Posts Tagged ‘landraces’

Maize landraces and adaptation to climate change in Mexico

Posted by Carelia Juarez on , in Journal Articles

Published in Journal of Crop Improvement  28 (4) : 484-501, 2014

Hellin, J.Bellon, M.R.Hearne, S. 

Mexico is the primary center of origin and diversity for maize (Zea mays L.). Farmers grow the crop largely under rain-fed conditions. Mexico is at considerable risk from climate change because of predicted rising temperatures, declining rainfall, and an increase in extreme weather events. Small-scale maize farmers are particularly vulnerable because of their geographical location as well as their limited adaptive capacity. Recommended climate change adaptation strategies include farmers’ increased use of heat and drought stress-tolerant maize. Farmer adoption of improved germplasm has been disappointing because of inefficient seed input chains and farmers’ preference for landraces for culinary, agronomic, and cultural reasons. Scientists have tended to overlook the fact that maize landraces have a critical role to play in climate change adaptation. Landraces may already exist that are appropriate for predicted climates. Furthermore, within the primary gene pool of maize and its wild relatives there exists unexploited genetic diversity for novel traits and alleles that can be used for breeding new high yielding and stress-tolerant cultivars. The breeding component of adaptation strategies should focus more on improving farmers’ landraces. The desired result would be a segmented maize seed sector characterized by both (improved) landraces and improved maize varieties. The public and private sector could continue to provide farmers with improved maize varieties and different actors, including farmers themselves, would generate seed of improved landraces for sale and/or exchange.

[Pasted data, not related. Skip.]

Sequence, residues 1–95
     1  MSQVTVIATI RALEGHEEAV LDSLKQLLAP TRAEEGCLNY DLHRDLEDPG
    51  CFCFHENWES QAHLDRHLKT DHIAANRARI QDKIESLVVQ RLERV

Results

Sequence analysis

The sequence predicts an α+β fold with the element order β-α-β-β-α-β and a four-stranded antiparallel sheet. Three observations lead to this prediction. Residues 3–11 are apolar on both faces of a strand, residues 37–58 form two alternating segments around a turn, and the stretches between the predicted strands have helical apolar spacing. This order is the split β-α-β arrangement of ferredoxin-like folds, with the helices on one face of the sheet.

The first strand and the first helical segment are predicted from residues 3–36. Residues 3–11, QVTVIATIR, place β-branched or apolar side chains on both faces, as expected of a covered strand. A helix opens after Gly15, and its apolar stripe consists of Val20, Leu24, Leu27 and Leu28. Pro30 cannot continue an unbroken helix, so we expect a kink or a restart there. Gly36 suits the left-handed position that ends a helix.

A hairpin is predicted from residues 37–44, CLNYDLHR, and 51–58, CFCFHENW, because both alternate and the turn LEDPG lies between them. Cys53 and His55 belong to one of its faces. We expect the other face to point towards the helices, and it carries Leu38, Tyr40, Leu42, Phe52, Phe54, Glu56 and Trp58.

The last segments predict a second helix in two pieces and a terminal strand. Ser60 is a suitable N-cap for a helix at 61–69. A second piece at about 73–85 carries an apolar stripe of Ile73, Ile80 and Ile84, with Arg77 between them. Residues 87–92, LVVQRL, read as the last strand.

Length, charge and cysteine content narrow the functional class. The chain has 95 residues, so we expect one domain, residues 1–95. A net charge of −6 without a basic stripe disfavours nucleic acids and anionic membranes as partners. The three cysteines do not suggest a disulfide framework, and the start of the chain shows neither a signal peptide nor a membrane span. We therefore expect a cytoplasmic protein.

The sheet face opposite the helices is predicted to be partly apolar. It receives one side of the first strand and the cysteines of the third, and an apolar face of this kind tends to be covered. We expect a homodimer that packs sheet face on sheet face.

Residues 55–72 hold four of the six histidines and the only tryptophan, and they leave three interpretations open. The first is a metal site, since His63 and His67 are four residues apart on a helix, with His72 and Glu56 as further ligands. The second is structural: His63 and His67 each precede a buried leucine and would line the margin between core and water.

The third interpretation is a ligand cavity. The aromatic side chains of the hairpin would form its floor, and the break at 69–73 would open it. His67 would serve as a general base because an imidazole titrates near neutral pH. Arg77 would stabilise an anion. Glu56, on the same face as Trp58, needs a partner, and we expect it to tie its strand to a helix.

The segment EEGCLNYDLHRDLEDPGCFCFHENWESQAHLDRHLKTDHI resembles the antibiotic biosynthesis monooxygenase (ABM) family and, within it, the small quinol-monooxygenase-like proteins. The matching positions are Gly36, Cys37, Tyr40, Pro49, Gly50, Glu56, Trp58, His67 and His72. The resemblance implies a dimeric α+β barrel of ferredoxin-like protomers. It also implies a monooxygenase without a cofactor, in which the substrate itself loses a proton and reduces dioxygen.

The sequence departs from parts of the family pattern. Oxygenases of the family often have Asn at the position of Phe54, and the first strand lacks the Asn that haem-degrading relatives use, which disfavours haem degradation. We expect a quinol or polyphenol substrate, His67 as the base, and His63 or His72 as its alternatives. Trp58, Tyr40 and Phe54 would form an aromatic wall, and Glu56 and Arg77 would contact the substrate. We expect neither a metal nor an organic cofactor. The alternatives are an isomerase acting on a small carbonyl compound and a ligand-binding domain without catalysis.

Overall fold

Microsatellite marker-based diversity and population genetic analysis of selected lowland and mid-altitude maize landrace accessions of India

Posted by Carelia Juarez on , in Journal Articles

Published in Journal of Plant Biochemistry and Biotechnology, 2012

Samanthi K. Wasala and B. M. Prasanna

Maize (Zea mays L.) harbours significant genetic diversity not only in its centre of origin (Mexico) but also in several countries worldwide, including India, in the form of landraces. In this study, DNA fingerprinting of 48 landrace accessions from diverse regions of India was undertaken using 42 fluorescent dye-labeled Simple Sequence Repeat (SSR) markers, followed by allele resolution using DNA sequencer and analysis of molecular diversity within and among these landraces. The study revealed a large number of alleles (550), with high mean number of alleles per locus (13.1), and Polymorphism Information Content (PIC) of 0.60, reflecting the level of diversity in the landrace accessions. Besides identification of 174 unique alleles in 44 accessions, six highly frequent SSR alleles were detected at six loci (phi014, phi090, phi112, umc1367, phi062 and umc1266) with individual frequencies greater than 0.75, indicating that chromosomal regions harboring these SSR alleles are not selectively neutral. F statistics revealed very high genetic differentiation, population subdivision and varying levels of inbreeding in the landraces. Analysis of Molecular Variance showed that 63 % of the total variation in the accessions could be attributed to within-population diversity, and 37 % represented between population diversity. Cluster analysis of SSR data using Nei’s genetic distance and UPGMA revealed considerable genetic diversity in these populations, although no clear separation of accessions was observed based on their geographic origin.